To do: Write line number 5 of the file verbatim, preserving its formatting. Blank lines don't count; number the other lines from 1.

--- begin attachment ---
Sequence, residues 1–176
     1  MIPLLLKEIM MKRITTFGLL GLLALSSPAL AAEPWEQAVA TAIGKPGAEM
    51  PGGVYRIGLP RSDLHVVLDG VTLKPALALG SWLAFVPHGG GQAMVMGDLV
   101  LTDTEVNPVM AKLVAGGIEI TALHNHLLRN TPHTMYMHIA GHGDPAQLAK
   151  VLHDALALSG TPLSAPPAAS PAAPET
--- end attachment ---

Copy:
   151  VLHDALALSG TPLSAPPAAS PAAPET